A small colony of Laysan Albatrosses Phoebastria immutabilis has adopted residential and golf course areas for their nesting sites on the island of Kauai in the Hawaiian Islands. Located in the Princeville community on the north shore, approximately 40 nesting pairs return each year to breed. The aerial photo shows a cluster of 16 nests with eggs in one neighbourhood. The three arrows show the traditional fledging bluffs 170 feet [50 m] above sea level.
This Princeville pair is changing over on their egg.
The Laysan Albatrosses appear comfortable nesting in a populated area. Several pairs have returned to the same private gardens or yards for 9-10 years in a row. Chicks which fledged from this area years before have returned, some actually raising chicks in the same yards where they themselves were raised.
In addition to the nesting pairs throughout the north shore, young adults gather in yards and golf course areas. By recording and tracking their colour bands, volunteers know the age and origin of many of the returning birds. This group ranged in age from five to eight years.
These two displaying albatrosses are oblivious to the golfers who are sharing Tee 15 with them. The part of the golf course that is located along ocean bluffs is an important breeding site, with nest sites chosen in the long grass on the sides of the fairways and in the middle of the course. Ground keepers stop mowing areas with nests; management is very supportive of the albatross presence. The golf course is also the albatross equivalent of a singles' bar, with pre-breeders calling to birds flying along the cliffs, encouraging them to land. Very often albatrosses returning to Princeville for the first time since fledging will choose to make their first ungainly landings on a fairway, which offers a large, spongy target for birds which have not touched ground since leaving Princeville three or more years previously.
Informational signs are placed along the roads to alert residents and visitors of the presence of the albatrosses. Closer to the nests, other signs provide information about the "Moli" (Hawaiian name for the Laysan), including a warning to not get too close to the birds. As needed, volunteers place traffic cones and/or additional warning signs, especially when the chicks are more active prior to fledging. However, domestic dogs running astray have sometimes killed birds (click here) although most dogs are thankfully kept on leashes by local ordinance.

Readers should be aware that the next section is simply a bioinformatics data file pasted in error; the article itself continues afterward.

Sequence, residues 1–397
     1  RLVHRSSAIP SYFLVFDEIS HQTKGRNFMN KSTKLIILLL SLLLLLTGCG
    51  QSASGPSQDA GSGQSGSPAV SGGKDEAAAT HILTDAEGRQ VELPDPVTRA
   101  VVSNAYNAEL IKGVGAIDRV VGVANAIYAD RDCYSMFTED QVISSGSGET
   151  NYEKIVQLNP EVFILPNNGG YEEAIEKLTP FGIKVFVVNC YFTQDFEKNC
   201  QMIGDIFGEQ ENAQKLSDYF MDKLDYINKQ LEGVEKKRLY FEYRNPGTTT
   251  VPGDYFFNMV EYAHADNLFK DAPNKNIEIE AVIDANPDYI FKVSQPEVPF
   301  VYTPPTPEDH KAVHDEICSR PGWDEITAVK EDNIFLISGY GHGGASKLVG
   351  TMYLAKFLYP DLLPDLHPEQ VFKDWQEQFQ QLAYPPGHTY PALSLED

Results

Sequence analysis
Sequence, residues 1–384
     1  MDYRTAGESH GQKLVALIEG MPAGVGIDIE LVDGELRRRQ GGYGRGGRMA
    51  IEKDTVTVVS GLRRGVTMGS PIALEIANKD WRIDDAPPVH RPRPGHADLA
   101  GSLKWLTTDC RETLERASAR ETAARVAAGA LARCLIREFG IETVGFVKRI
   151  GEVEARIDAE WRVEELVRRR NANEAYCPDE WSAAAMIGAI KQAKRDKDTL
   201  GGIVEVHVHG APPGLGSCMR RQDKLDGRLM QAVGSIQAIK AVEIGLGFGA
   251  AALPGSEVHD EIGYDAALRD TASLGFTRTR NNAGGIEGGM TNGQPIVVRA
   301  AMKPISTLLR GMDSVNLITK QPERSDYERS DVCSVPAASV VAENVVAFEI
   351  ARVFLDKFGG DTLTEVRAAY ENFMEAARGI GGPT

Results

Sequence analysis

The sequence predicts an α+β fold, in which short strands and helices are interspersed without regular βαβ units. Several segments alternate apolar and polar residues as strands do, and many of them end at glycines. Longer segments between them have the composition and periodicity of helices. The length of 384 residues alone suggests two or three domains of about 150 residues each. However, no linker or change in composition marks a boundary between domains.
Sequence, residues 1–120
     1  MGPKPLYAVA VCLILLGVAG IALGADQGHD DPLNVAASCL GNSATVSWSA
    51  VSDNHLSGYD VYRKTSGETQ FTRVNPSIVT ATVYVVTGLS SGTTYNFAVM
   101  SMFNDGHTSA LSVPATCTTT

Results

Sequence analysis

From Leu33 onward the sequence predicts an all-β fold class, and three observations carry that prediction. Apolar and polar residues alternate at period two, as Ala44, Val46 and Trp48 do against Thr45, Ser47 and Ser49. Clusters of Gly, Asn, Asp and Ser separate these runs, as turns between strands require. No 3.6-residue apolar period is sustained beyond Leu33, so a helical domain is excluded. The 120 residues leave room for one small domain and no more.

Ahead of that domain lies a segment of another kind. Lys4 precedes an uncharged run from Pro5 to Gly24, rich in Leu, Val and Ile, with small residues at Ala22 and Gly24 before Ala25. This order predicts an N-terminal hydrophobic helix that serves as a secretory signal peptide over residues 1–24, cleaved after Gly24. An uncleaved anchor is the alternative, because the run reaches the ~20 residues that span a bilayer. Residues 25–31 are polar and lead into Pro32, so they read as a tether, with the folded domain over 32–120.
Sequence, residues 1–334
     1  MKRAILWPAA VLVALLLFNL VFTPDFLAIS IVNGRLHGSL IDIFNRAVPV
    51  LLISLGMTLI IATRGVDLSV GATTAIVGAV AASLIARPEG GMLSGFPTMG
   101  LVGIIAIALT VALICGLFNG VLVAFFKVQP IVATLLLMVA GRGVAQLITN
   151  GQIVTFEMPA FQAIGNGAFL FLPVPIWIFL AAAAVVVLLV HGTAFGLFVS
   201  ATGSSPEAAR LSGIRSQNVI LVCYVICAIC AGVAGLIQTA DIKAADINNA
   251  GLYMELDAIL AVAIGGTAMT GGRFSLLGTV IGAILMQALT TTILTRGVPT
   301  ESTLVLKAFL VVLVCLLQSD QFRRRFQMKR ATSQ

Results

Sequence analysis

Photographs by Bob Waid and Cathy Granholm
Most fledging flights in this area are made from one of the three bluffs overlooking the ocean. Due to the rough terrain below the bluffs, volunteers have made several rescues over the years to extract birds which had failed to gain sufficient lift to clear the trees. All rescue attempts have gone well, bringing the young birds back to the cliff top for a later successful fledging attempt.
VanderWerf, E.A. & Young, L.C. 2011. Estimating survival and life stage transitions in the Laysan Albatross using multi-state mark-recapture models. Auk 128: 726-736.
Waid, R. 2005. The Majestic Albatross. Images of Kauai's Beloved Seabirds. Honolulu: Mutual Publishing. 51 pp.
Waid, R. & Waid, J. 2010. Baby Winston. 55 pp. [e-book].
Young, L.C., VanderWerf, E.A., Smith, D.G., Polhemus, J., Swenson, N., Swenson, C., Liesemeyer, B.R., Gagne, B. & Conant, S. 2009. Demography and natural history of Laysan Albatross on Oahu, Hawaii. Wilson Journal of Ornithology 121:722-729.
Young, L.C., Zaun, B.J. & Vanderwerf, E.A. 2008. Successful same-sex pairing in Laysan albatross. Biology Letters 4: 323-325.
Bob Waid & Cathy Granholm, Princeville, Kauai & John Cooper, ACAP Information Officer, 15 March 2013